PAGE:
Spar making has been a real challenge for me. Just cataloging and planning lumber needs and keeping the inventory straight is a lot of work by itself. Keeping all the different spars straight along with their mathematics required a table of information.
There are all kinds of defects that show up after rough stock is surfaced. Resin inclusions, small knots, dings from handling, squirrelly grain, splits, checks and so on are some of what was showing up. Board feet are being eaten away in kerf and remainders, imperfections, scarfs and the like. We sorted through the pile last night and sorted out all the staves to scarf because of flaws. Ed dug out the scarfing jig which will trim up the ends of the staves after they are rough cut on the bandsaw. Most all the good staves were birdsmouthed. Here is the process it took to get this far.
First all the mast measurements were tabulated and the amounts of board feet calculated. Then Jeff made a trip to the lumberyard to pick out the stock. Sitka spruce is not carried in the local yards, so it was a long trip. He had to recalculate lengths and widths and board feet based on availability when he arrived there and and then had to load the stock for the trip back into town. Jeff is my hero. We unloaded the truck into the shop and I resorted the pile according to the needs of specific masts and spars. All of this lumber was restacked under SILENT MAID so it would be out of the way.
The next work night the planks were surfaced using the big parallel planer. Ear muffs and glasses are a good idea. Constant checking of dimensions kept me moving. The next step was to joint one edge square. If the board was too crooked, a chalk line was used to snap a straight line which was either bandsawn or hand planed, not perfect, but closer to straight so it would go through the feeder.
Next the power feeder was enlisted to drive the stock evenly across the cutter head and perpendicular to it. The power feeder is a heavily built machine imbued with certain manly features. It taught me several important truths, some of which I already knew, but have now been refined and firmly embedded. The last time I set it up it only took about ninety minutes including rest breaks and mental health refreshers. It does an amazingly consistent job when operating, so it is desirable that the product is consistently good rather than the other way round. I have failed to mention that my hero, Jeff, is again involved with simply moving the behemouth. The good old power feeder takes two strong, burly guys to carry it from one cast iron perch to another. My job was to move and rebolt the bases between locations (once on the jointer, twice so far on the table saw) and guide the support leg into the receptacle. Once it is mounted, * a few moments of adjusting each of it's six axes and then snugging it down, then repeat from * for a number of times proportionate to your level of intimacy with said mechanical monster.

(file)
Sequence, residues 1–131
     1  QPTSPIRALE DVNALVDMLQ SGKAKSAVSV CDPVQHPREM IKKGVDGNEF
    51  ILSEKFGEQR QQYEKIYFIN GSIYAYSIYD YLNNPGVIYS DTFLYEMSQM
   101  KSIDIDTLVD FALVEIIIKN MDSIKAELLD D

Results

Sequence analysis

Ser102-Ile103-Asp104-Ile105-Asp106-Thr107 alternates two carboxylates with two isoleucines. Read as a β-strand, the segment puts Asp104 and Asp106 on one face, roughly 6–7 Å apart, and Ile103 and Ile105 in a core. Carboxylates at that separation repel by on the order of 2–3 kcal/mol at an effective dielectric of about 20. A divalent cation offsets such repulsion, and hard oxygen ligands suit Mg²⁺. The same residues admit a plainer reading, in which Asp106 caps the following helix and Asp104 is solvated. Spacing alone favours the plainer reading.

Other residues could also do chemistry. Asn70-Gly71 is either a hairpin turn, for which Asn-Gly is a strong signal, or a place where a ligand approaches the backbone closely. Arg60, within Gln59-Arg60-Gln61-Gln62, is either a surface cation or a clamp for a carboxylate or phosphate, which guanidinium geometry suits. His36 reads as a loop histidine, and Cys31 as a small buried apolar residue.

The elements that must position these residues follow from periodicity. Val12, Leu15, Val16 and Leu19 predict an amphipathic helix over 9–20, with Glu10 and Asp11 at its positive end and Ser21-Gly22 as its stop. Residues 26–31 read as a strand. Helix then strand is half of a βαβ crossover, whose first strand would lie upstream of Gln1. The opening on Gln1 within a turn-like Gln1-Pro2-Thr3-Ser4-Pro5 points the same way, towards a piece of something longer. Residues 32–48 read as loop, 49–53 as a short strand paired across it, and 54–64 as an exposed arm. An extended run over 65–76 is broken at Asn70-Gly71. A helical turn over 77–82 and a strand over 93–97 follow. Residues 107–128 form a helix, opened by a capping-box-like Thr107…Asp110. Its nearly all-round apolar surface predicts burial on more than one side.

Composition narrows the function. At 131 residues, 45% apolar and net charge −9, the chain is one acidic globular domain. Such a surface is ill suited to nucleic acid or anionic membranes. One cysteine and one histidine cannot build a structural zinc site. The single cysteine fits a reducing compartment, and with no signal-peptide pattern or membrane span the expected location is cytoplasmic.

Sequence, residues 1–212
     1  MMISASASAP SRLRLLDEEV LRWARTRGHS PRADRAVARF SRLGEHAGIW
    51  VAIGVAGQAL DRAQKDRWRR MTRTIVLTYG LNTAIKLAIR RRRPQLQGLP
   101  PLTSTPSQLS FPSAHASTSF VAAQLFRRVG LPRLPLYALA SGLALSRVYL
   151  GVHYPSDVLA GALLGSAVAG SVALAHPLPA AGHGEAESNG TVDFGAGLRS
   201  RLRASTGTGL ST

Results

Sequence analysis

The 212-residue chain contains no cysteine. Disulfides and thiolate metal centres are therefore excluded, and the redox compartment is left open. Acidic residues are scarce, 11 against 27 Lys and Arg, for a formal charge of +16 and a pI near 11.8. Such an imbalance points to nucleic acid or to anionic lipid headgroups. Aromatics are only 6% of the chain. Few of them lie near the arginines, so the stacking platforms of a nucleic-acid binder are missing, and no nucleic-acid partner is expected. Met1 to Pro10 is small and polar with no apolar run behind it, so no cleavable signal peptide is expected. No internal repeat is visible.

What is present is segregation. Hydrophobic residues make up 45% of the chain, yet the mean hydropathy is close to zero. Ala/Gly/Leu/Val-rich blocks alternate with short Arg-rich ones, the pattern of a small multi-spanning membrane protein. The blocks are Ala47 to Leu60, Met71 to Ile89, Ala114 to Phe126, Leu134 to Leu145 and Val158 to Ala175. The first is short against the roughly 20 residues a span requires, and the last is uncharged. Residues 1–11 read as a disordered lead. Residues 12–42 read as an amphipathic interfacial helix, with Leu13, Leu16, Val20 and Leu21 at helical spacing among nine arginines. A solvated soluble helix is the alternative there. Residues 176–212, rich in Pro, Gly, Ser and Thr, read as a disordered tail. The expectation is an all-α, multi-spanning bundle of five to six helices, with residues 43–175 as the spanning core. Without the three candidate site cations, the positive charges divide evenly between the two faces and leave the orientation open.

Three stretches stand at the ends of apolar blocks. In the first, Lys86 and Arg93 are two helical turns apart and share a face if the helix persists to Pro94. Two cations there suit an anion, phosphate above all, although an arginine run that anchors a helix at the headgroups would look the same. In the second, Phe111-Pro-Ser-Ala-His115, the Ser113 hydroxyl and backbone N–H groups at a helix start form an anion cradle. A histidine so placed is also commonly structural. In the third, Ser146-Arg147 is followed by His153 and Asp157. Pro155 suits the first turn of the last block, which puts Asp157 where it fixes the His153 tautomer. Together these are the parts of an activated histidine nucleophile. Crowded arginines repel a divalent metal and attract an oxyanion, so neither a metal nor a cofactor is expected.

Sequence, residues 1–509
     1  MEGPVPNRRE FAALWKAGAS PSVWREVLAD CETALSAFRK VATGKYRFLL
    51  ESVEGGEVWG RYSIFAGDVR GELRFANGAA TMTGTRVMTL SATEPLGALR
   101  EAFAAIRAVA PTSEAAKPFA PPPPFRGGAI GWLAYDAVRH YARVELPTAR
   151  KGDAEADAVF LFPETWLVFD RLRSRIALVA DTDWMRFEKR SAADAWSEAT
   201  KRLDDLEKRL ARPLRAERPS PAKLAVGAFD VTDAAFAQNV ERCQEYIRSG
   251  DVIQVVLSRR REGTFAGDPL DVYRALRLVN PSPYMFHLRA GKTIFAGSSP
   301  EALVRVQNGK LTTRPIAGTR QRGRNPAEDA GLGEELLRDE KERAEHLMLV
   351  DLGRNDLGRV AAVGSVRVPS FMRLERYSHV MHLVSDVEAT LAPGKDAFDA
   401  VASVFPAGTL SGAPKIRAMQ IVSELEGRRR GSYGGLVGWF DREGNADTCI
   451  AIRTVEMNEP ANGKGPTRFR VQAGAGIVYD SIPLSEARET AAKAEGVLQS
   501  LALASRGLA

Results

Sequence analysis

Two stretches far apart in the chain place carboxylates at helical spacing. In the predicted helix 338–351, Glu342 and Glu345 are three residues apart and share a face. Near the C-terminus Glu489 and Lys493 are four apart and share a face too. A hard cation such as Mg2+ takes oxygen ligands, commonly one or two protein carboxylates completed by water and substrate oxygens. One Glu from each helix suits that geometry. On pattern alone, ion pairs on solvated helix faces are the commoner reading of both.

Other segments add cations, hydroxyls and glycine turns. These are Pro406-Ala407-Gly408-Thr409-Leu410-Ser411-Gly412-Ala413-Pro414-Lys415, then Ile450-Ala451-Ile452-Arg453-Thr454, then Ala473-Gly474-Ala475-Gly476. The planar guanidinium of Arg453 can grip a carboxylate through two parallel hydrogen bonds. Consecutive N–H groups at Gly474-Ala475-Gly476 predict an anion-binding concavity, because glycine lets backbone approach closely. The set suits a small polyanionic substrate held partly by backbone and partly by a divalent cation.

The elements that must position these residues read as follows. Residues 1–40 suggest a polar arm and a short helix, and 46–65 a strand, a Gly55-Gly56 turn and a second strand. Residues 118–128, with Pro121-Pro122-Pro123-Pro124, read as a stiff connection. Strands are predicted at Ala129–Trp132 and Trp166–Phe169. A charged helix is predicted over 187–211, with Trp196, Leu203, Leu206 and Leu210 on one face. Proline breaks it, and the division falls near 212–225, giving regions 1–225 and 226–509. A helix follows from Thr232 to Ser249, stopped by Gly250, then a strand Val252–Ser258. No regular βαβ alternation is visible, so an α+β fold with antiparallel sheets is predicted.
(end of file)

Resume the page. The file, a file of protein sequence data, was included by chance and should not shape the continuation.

In between all these steps, the pile of lumber has been repeatedly restacked and sorted into the troll size space underneath the world's most beautiful catboat. A place of honor to be sure, but definitely created for short-statured, hard headed persons.
The jointer was arrayed with the glorious green power feeder, in and out feed rollers adjusted for height and level, and a path cleared for the twenty foot long boards. The TSCA guys ran over 300 feet the first night and I completed the stack the following day after resetting the machine. I think we are getting on friendly terms. The stand was moved on bolted to the table saw. My pal Murphy had definitively made a brief here, since the one socket, open, or hex head wrench that was required were all on vacation some place else so this actually took longer than aligning the cosmology of the green giant.
The axes of all planets in alignment, the staves were cut in short order, again completed in less than twenty-four hours. Another resort and transfer to under the beautiferous minor catboat TORCH, with even less headroom than her big sister, had the sorters seeing stars. The following week had the usually outstanding favorable ratings of the chief henchman reduced to rubble since by relaying the fact that steel nuts and washers sink into the sawdust beneath the table saw when dropped, you-know-who-dropped one when changing out the blade for the dado. A few moments of consultation with the only other living being who had actually seen the operational set up, had the set up completed in record time. Adjustment were made and voila! eight chunks cut from the test stave actually came to together well.